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Tight labour market may see Britain’s pay squeeze bottom out, but is not turning around our shrinking workforce

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Britain recorded its sharpest real pay fall since 1977 this summer. But with nominal pay growth strengthening and the Energy Price Guarantee set to reduce inflation by around four percentage points relative to what it might otherwise have been, the depth of Britain’s pay squeeze may bottom out this autumn, the Resolution Foundation said today (Thursday) in response to the latest ONS labour market statistics.

The labour market remains tight with unemployment falling to 3.6 per cent and nominal regular pay growth strengthening to 5.2 per cent in the three months to July. However, with CPIH inflation hitting 8.3 per cent over this period, real regular pay fell by 2.8 per cent – close to its sharpest fall since 1977.

However, the Foundation notes that while the outlook for inflation remains highly uncertain, the Energy Price Guarantee could prevent a second inflation spike this winter, taking around four percentage points off inflation relative to what it could have been.

Were inflation to remain at around its current rate of just over 10 per cent, real wages in Britain are unlikely to fall any faster than they are now, though they are likely to keep falling for another year – by which time around 20 years pay growth will have been wiped out.

There are further signs that wider economic turmoil is beginning to affect the jobs market – with a falling employment rate, falling vacancies and now redundancies bottoming out as signs that labour demand has started to fall as the economy plateaus.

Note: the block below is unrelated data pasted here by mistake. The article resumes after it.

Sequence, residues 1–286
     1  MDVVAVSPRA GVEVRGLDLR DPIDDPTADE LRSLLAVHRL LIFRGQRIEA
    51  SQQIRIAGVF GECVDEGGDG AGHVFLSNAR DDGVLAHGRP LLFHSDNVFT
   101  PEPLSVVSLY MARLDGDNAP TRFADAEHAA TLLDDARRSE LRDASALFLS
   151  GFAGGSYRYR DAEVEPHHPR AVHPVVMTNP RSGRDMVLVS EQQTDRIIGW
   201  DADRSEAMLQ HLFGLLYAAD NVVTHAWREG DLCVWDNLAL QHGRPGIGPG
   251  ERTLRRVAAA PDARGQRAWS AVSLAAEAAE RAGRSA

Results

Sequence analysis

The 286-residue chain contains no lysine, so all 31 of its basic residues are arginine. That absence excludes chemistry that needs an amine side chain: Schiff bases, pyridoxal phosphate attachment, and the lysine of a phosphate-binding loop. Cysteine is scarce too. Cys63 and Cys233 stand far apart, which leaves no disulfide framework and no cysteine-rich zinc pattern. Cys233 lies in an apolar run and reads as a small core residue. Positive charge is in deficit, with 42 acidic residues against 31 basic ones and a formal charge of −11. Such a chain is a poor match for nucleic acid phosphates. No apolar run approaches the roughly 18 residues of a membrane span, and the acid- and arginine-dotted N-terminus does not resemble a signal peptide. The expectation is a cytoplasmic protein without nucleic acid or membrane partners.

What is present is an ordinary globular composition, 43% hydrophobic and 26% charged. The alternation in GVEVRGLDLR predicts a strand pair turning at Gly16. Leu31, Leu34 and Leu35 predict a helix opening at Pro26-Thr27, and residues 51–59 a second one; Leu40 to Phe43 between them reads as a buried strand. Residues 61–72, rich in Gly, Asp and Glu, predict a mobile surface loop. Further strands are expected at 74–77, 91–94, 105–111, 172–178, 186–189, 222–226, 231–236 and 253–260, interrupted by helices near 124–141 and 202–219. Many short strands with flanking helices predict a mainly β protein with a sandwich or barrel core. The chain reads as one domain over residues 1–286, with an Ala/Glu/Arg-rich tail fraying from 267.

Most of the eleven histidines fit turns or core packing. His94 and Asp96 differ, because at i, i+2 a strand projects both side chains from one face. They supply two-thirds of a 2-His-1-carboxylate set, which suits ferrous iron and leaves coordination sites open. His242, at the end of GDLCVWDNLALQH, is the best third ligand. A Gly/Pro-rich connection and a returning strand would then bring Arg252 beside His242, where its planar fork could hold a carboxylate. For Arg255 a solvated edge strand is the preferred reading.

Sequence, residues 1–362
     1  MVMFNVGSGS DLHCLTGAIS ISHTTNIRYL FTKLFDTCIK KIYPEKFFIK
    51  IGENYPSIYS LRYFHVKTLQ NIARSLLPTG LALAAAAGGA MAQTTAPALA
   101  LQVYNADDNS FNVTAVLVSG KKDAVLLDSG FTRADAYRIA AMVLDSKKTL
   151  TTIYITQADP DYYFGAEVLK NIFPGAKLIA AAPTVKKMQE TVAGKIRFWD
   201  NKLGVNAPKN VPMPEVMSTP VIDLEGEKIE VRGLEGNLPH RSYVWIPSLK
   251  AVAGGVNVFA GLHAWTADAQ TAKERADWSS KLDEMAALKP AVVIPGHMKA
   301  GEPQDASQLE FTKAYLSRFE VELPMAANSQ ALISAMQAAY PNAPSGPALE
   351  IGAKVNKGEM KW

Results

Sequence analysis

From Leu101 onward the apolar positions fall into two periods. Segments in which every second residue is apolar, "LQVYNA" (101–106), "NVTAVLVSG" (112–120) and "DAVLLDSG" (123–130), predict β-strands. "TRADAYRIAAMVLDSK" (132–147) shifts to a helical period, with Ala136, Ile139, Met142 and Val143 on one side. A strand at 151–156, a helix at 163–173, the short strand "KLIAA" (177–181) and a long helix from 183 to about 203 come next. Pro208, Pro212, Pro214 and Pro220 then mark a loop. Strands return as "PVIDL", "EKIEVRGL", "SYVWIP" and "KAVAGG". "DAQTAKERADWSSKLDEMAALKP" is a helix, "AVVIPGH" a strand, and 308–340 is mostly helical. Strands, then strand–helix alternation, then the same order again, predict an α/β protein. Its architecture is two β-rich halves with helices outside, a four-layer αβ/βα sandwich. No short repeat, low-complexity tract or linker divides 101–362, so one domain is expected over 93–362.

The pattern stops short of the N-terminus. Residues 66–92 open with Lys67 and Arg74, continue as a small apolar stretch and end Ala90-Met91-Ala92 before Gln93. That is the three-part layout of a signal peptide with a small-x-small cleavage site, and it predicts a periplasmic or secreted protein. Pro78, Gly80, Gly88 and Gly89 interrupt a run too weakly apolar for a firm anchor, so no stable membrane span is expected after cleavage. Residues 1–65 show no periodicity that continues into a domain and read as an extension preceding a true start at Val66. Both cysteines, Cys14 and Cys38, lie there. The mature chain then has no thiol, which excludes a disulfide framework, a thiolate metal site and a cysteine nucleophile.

Worryingly, the cost of living crisis has yet to encourage people back into the workforce. The inactivity rate has fallen again this month, driven by the long-term sick and students.

Gregory Thwaites, Research Director at the Resolution Foundation, said:

“Pay settlements strengthened over the summer, but not by enough to keep up with rapidly rising inflation. As a result, pay packets have kept shrinking at close to their fastest rate since 1977. The only chink of light is that a more benign outlook for inflation means that they might not shrink any faster, although they won’t grow for another year.

“Wider economic turmoil also looks to be affecting the jobs market. Instead of the cost-of-living crisis tempting people back into work, more people are exiting the jobs market altogether, primarily due to poor health reasons.”

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